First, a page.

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Oxytocin Therapy for Autism Gets Closer

This press release from the American College of Neuropsychopharmacology's Annual Meeting is, to my knowledge, the first official, public announcement if something that oxytocin researchers have been saying among themselves for a long time: Oxytocin may prove to be a very helpful therapy for symptoms of autism spectrum disorder.

At the conference, Eric Hollander and Jennifer Bartz of the Seaver and New York Autism Center of Excellence presented the results of their studies administering oxytocin to adults with autism spectrum disorder. They administered litocin, a synthetic form of oxytocin, over a four-hour period and watched for signs of repetitive behavior, one of the symptoms of the disorder.

According to the press release,

"Studies with animals have found that oxytocin plays a role in a variety of behaviors, including parent-child and adult-to-adult pair bonding, social memory, social cognition, anxiety reduction and repetitive behaviors," explained Dr. Bartz. "However," adds Dr. Hollander, "we have only recently considered that administration of oxytocin can have behavioral effects. Autism is a particularly ripe neuropsychiatric disorder for studying this approach because it presents with the types of symptoms that have been found to be associated with the oxytocin system."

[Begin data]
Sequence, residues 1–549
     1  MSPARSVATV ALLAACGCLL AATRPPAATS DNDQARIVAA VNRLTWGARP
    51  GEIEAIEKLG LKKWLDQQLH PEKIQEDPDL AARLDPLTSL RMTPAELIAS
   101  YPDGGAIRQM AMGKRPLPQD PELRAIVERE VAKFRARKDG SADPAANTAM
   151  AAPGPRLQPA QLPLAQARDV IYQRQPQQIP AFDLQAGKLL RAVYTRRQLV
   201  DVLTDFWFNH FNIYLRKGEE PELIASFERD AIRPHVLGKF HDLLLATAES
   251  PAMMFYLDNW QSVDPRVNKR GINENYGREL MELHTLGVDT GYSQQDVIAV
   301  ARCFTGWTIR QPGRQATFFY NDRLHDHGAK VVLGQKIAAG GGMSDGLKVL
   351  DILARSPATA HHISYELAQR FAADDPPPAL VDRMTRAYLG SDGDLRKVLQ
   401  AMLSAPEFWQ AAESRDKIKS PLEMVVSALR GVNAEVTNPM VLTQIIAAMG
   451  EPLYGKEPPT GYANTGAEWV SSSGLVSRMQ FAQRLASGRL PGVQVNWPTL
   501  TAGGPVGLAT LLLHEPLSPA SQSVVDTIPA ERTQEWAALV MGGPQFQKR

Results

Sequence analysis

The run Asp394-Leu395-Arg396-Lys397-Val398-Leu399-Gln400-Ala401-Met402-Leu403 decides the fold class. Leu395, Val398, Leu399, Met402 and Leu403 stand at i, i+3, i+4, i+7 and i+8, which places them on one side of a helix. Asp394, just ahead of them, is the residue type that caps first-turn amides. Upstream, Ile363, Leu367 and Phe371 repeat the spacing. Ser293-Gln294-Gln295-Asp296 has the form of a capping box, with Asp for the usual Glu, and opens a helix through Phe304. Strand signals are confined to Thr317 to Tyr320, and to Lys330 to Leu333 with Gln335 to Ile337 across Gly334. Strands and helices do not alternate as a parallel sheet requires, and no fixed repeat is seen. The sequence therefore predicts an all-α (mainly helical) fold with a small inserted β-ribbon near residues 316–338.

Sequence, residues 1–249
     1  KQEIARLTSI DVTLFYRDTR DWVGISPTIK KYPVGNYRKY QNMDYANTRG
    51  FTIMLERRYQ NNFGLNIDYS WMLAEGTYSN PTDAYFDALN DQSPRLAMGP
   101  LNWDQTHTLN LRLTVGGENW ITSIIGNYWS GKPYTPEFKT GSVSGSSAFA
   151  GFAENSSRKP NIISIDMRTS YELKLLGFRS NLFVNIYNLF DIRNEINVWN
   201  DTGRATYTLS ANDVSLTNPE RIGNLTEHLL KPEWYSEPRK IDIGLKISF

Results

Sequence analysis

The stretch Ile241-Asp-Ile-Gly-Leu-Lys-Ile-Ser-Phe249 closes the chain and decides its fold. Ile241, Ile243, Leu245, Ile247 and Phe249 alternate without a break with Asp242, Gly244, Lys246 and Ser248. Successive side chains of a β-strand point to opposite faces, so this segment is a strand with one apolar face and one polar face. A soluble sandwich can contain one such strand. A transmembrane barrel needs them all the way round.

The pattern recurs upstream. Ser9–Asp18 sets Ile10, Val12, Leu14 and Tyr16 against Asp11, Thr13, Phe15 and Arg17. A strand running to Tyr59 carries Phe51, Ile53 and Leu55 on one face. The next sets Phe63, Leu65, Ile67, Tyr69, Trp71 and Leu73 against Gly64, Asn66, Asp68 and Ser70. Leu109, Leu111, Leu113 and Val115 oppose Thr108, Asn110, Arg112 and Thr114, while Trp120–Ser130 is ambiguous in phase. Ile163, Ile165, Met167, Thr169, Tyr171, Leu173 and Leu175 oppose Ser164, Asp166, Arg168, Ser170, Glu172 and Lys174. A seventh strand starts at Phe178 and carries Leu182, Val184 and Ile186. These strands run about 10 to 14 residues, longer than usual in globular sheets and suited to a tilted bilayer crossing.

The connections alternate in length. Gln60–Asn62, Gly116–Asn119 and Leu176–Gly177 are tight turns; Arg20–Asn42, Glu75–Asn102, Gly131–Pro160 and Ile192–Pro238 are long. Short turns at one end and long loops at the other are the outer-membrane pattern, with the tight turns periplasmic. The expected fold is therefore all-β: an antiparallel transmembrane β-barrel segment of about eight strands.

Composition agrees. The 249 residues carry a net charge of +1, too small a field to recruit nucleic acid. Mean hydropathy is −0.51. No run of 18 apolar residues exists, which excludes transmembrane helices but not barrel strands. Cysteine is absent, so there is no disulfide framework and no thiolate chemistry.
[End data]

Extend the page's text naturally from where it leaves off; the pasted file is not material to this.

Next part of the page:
Study participants showed a significant decrease in repetitive behavior during the four hours. They also did better at picking up on the emotional tone of recorded speech. People receiving pitocin were compared to others receiving only distilled water; two weeks later, the groups were switched.

Interestingly, those who received oxytocin the first week retained their improvement in assigning emotional meaning to the recorded speech even when they were tested again two weeks later after receiving the placebo. This is important because the effects of administered oxytocin are considered not to last more than a few minutes.

Now, Hollander and Bartz are doing a new study administering oxytocin via a nasal spray over a six-week period.